The Relationship Between Type 2 Diabetes Mellitus and Osteoporosis in Elderly People: a Cross-sectional Study

Mohammad Bayani, Ahmad Karkhah, Seyed Hoseini, Roya Qarouei, Haji Nourodini, Ali Bijani, Robert Cumming
2016 unpublished
Diabetes mellitus (DM) and osteoporosis are common diseases and their prevalence increases with age. Several investigations have indicated that type 1 DM has a significant relationship with bone loss, whereas in type 2 diabetes, this relationship is controversial. Therefore, this study was conducted to determine the relationship between osteoporosis and type 2 DM in elderly people. This population-based study had been carried out on 1151 elderly people in Amirkola, northern Iran. L2-L4 lumbar
more » ... ran. L2-L4 lumbar spine bone mass and the left femoral neck density were measured by dual-energy X-ray absorptiometry (DEXA). In addition, diagnosis of diabetes was done by measuring fasting blood sugar (twice times FBS ≥ 126 mg/dl), according to the WHO criteria or self-reported as well as based on a doctor's prescription. Of total, 362 (31.45%) of patients had DM. The average age of diabetic patients was 68.9± 6.93 years and in non-diabetic group was 68.68± 7.09 years (P= 0.18). The mean L2-L4 lumbar spine bone mass in the diabetic group was 0.90± 0.19 g/cm2 and in the non-diabetic group was 0.85± 0.18 g/cm2 (P= 0.001). The mean lumbar bone mineral density was higher (P= 0.0001) in diabetic men than in non-diabetic men, as well as in women (P= 0.0001). In addition, the mean femoral neck density in diabetic group was 0.85± 0.16 g/cm2 and in the non-diabetic group was 0.84± 0.15 g/cm2 (P= 0.48). Moreover, the femoral neck bone mineral density in diabetic men was higher than in non-diabetics (P= 0.03), whereas in diabetic and non-diabetic women, there was no significant difference (P= 0.52). Our results demonstrated that the mean lumbar and femur bone mineral densities in older people with type 2 DM was higher than people without DM.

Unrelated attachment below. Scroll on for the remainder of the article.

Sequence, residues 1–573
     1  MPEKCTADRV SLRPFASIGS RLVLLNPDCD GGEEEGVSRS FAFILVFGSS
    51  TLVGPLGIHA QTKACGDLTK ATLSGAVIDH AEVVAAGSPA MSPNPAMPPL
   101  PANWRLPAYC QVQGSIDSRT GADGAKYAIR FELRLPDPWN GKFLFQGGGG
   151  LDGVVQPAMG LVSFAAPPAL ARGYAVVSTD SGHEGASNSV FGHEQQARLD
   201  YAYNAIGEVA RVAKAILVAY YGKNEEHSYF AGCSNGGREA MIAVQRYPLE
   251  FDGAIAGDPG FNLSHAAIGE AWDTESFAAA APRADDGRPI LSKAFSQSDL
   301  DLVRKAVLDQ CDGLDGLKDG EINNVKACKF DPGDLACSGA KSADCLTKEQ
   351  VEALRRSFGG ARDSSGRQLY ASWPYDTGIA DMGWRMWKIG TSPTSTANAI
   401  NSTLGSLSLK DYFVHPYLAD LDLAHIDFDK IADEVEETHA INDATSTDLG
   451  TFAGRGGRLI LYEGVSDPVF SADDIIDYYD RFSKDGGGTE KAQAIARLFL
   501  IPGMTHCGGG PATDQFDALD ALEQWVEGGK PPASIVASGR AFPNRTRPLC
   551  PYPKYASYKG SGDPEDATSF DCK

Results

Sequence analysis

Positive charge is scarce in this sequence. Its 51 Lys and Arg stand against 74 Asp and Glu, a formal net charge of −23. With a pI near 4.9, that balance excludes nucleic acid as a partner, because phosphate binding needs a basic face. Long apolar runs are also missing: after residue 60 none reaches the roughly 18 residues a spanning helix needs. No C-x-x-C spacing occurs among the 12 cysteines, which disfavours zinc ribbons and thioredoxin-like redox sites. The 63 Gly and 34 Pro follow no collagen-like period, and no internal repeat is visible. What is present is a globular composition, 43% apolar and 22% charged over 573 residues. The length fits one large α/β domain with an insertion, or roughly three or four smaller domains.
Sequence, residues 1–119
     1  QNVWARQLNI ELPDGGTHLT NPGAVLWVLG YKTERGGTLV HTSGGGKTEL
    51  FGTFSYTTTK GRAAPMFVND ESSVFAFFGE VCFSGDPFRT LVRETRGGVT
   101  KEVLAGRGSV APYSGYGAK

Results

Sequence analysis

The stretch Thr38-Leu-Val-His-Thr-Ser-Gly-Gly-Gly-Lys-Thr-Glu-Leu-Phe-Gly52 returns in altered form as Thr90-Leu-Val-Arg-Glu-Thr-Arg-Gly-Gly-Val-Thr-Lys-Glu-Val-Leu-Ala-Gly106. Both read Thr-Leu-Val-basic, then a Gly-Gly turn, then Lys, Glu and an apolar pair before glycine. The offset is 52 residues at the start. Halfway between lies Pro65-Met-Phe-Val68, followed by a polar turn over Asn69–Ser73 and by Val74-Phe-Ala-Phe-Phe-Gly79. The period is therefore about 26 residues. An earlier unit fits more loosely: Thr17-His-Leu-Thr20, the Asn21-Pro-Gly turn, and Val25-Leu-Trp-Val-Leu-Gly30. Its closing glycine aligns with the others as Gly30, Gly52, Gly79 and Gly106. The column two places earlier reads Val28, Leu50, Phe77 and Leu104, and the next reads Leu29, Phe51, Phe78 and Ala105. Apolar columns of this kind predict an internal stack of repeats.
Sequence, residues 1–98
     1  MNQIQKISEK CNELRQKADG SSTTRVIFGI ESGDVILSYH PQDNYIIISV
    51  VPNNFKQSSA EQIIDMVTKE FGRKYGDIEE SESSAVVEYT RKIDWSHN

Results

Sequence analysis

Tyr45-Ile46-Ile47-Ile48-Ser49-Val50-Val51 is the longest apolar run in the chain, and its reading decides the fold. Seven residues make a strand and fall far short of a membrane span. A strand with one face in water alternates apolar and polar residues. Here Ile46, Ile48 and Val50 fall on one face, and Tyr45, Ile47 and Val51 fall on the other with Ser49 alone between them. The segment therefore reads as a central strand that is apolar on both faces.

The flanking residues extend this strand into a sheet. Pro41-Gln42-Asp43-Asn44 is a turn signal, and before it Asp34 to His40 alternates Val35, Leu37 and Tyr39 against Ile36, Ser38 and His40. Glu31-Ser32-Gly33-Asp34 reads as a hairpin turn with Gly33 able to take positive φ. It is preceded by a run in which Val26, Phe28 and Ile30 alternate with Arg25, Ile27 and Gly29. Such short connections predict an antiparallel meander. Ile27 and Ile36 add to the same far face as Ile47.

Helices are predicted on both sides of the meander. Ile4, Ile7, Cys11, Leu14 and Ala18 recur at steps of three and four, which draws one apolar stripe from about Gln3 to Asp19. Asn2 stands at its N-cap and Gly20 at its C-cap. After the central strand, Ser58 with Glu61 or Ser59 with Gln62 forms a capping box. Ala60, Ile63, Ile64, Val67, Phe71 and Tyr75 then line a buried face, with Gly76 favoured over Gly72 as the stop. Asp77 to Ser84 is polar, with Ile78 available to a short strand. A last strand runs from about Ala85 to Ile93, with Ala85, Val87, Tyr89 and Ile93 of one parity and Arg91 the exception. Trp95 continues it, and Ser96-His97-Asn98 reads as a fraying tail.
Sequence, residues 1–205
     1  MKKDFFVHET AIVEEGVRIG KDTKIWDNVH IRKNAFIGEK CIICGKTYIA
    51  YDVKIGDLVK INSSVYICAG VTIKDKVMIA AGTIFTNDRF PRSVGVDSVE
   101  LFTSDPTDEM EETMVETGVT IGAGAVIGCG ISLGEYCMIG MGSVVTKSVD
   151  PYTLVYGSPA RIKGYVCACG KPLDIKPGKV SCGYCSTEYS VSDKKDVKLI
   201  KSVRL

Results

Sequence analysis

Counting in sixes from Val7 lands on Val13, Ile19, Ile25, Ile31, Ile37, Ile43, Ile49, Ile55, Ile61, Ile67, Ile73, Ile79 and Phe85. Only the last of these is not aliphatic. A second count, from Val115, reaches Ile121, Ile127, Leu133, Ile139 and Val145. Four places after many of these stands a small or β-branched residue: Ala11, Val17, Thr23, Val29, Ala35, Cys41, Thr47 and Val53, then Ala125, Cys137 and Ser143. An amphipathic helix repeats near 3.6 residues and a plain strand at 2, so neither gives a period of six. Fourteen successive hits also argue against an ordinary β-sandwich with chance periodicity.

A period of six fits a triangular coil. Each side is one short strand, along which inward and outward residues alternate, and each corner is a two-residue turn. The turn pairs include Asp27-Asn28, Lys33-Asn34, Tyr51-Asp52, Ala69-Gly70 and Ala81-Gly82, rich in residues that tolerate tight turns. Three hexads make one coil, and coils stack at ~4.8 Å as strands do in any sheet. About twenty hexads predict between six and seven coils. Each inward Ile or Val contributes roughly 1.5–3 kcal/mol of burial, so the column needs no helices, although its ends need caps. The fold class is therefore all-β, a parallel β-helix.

fatcat:zeuzqsyovbfozm2ktpteynrfhm